“Greipel got a good run behind me and he came past,” Goss said. “He nearly came off with 3km to go and he did a fantastic job just to stay upright and then get back up to his team and win the stage. Chapeau to him.”

    3rd in Tournai and 4th in...

  • Video: Tour de France Stage 5 highlights

    A beaming Andre Greipel on the podium after winning stage 5 at the Tour de France.
    Article published:
    July 06, 2012, 0:49 BST
    Cycling News

    Two in a row for Greipel

    Lotto Belisol's Andre Greipel made it two sprint wins in a row, winning Stage 5 of the 2012 Tour de France. The German overcame Matt Goss (Orica-GreenEdge) who had been the first of the fast men to jump, and JJ Haedo (Saxo Bank-Tinkoff Bank).

    A crash three kilometres from the finish tangled up points classification leader Peter Sagan (Liquigas-Cannondale), a hold up Greipel was able to come back from. Sagan's absence at the finish meant that Goss made up significant ground in the battle for the maillot vert. The Australian will have one more chance this week, on Friday, to claim his so far elusive stage win.

    There was no change to the classification leaders with Fabian Cancellara (RadioShack-Nissan) retaining yellow, Michael Morkov (Saxo Bank-Tinkoff Bank) still wearing the polka dot jersey with no points available for the climbers on Thursday and Tejay Van Garderen (BMC) stays in white for another day as best young rider.


  • Change of tactics for Sky on stage 5

    Sky teammates Bernhard Eisel and world champion Mark Cavendish.
    Article published:
    July 06, 2012, 2:35 BST
    Peter Cossins

    Whole team decided to commit to riding on the front to avoid trouble

    Watching the closing kilometres of stage five into Saint-Quentin, there was little doubt that Sky had altered their tactical approach for stage finishes as the whole team lined up on the front of the bunch. Following the stage, team boss Dave Brailsford revealed that in their pre-stage briefing the riders had decided to ride with greater commitment and intent to defend the interests of both Mark Cavendish and Bradley Wiggins.

    "If you're not at the front you run the risk not only of crashing but also of losing time if you're caught behind a crash. After the crashes yesterday, we had a good talk this morning as a team and really coordinated everything. We decided to take it on from 30k out and really ride hard," Brailsford explained. "Keeping out of trouble was the objective as well as getting Mark into the front of the race for the last kilometre."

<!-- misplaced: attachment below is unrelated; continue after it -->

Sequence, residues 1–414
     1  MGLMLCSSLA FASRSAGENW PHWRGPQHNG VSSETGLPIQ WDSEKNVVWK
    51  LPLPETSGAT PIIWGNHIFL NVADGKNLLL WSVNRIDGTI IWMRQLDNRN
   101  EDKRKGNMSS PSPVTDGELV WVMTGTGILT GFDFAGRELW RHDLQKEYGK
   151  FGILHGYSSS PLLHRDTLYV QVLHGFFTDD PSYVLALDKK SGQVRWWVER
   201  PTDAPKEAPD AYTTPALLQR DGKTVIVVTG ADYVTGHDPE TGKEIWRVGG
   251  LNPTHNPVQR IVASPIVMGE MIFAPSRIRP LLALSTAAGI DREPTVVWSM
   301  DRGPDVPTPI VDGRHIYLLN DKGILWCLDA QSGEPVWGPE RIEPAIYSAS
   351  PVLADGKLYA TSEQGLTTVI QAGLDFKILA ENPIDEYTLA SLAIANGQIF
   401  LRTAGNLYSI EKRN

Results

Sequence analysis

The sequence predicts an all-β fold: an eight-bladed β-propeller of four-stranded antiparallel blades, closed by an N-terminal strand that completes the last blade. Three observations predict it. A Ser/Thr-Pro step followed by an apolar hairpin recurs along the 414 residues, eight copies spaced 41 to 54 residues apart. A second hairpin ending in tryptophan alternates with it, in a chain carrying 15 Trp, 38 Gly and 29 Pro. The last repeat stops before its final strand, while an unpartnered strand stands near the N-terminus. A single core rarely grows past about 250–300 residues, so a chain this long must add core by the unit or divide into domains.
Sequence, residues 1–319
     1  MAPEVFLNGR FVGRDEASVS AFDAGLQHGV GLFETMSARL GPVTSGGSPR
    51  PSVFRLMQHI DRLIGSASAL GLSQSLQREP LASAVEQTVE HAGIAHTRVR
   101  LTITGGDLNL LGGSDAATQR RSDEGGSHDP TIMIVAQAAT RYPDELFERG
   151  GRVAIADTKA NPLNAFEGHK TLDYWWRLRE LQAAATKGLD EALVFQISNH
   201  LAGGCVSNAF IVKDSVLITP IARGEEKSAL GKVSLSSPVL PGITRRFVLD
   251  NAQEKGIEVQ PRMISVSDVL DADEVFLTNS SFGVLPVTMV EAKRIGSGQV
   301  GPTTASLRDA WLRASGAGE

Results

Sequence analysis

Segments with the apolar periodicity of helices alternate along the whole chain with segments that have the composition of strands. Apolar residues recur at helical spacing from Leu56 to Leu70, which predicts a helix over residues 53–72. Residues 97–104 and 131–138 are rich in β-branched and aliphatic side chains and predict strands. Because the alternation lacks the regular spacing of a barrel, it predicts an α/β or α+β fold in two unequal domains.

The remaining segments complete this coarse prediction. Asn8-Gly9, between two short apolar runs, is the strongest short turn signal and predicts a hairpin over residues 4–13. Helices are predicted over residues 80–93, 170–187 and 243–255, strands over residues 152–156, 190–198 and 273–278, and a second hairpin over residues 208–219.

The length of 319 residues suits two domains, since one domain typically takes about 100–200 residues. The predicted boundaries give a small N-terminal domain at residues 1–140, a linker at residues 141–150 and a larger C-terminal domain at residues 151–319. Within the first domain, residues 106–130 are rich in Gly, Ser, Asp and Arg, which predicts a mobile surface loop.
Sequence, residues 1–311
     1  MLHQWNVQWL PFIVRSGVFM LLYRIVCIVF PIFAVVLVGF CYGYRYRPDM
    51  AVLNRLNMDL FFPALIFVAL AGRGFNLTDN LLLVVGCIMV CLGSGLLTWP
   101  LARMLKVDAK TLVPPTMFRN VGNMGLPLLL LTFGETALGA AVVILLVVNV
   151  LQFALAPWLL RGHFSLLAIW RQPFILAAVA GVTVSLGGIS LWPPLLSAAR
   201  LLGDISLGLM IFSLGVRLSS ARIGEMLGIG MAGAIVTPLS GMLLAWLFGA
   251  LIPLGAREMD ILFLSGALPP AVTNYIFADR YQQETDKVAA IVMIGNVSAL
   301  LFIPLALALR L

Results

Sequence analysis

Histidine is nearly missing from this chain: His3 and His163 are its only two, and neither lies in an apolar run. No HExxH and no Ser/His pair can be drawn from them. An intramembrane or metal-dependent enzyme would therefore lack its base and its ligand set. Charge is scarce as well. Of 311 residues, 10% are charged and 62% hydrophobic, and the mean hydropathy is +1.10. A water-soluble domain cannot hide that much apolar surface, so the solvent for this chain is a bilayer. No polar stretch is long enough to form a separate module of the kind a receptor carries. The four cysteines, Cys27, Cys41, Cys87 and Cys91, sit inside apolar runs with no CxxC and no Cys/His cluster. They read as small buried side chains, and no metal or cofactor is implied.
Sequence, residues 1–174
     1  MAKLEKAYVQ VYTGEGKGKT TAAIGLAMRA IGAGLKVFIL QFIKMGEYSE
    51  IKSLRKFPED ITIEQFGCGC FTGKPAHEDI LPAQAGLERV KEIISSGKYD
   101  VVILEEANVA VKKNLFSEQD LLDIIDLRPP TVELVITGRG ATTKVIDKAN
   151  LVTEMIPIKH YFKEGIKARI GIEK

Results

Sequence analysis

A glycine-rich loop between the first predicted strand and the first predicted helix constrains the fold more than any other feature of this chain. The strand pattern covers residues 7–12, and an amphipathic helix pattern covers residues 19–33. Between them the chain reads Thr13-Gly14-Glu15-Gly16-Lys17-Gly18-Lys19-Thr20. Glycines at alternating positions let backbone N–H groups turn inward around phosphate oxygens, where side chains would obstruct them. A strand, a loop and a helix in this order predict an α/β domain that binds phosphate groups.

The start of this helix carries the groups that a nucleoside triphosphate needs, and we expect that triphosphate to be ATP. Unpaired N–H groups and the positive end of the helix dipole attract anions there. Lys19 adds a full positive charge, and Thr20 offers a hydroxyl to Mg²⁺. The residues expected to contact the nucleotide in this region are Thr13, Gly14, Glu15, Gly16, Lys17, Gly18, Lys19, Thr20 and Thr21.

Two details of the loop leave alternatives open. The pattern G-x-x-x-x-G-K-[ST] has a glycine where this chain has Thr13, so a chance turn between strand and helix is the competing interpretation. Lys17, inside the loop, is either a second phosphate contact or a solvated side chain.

Brailsford praised his riders for a "fantastic" performance that enabled all of them to avoid the crash in the peloton just inside the 3km banner. "I think the guys rode with real commitment and intent today and that's what you've got to do if you're going to win the biggest bike race in the world," said Brailsford.

    "We know that the safest place for Brad is at the front and for him to do 500m on the front on a stage like that doesn't take that much out of him. It's a good thing to do, it's a safe thing and I think we did it with way more accuracy than we have done in the last couple of days. We're getting closer to the mountains and it's time to say, ‘Okay guys, let's commit to the front of this race.' And that's what we did."

    Brailsford didn't agree with a suggestion that Cavendish's fifth place in the bunch sprint...

  • Sky tactics take Van Garderen by surprise

    Tejay van Garderen (BMC) remains the leader of the best young rider classification.
    Article published:
    July 06, 2012, 4:27 BST
    Cycling News

    Lelangue pleased with BMC's first week performance

    As a nervous first week at the 2012 Tour de France comes to a close, the two biggest rivals for general classification honours have been taking stock.

    Sky, one man down after Kanstantsin Siutsou was forced out with a broken left tibia, and juggling the intentions of Bradley Wiggins and world champion Mark Cavendish went on the offensive on Stage 5, more active at the front of the peloton. BMC meanwhile, have been attentive just slightly behind the front of the chase, with the fortunes of defending champion Cadel Evans their primary concern. The change from the British team on Thursday surprised BMC's Tejay van Garderen for one.

    "It seems like with Cav' in the team, comes a lot of responsibility and if you're the best sprinter in the world and if you don't want to pull, then chances are you're not going to get a bunch sprint," said the American who's enjoyed six days as the Tour's best young rider.

    "It's just a respect thing with Cav that they have to pull if they want the world champion to win."

    One sprint stage remains on Friday before a slight reshuffle of the general classification is expected on the 199km medium mountain stage to La Planche des Belles Filles.

    BMC directeur sportif John Lelangue admits that Saturday's stage 7 is "not the most difficult day" but...